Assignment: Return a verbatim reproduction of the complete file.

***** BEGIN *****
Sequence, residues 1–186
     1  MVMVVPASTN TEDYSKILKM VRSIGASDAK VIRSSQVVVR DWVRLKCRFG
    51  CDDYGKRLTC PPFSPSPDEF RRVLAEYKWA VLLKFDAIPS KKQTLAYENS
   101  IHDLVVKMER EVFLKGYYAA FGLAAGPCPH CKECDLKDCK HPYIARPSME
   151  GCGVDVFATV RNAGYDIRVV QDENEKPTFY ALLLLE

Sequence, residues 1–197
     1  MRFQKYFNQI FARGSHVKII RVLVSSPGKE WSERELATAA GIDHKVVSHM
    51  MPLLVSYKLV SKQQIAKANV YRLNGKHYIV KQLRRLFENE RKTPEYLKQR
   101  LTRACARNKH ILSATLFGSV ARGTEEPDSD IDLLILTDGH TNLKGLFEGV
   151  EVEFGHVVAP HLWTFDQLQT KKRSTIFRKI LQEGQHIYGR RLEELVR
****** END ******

Sequence, residues 1–186
     1  MVMVVPASTN TEDYSKILKM VRSIGASDAK VIRSSQVVVR DWVRLKCRFG
    51  CDDYGKRLTC PPFSPSPDEF RRVLAEYKWA VLLKFDAIPS KKQTLAYENS
   101  IHDLVVKMER EVFLKGYYAA FGLAAGPCPH CKECDLKDCK HPYIARPSME
   151  GCGVDVFATV RNAGYDIRVV QDENEKPTFY ALLLLE

Sequence, residues 1–197
     1  MRFQKYFNQI FARGSHVKII RVLVSSPGKE WSERELATAA GIDHKVVSHM
    51  MPLLVSYKLV SKQQIAKANV YRLNGKHYIV KQLRRLFENE RKTPEYLKQR
   101  LTRACARNKH ILSATLFGSV ARGTEEPDSD IDLLILTDGH TNLKGLFEGV
   151  EVEFGHVVAP HLWTFDQLQT KKRSTIFRKI LQEGQHIYGR RLEELVR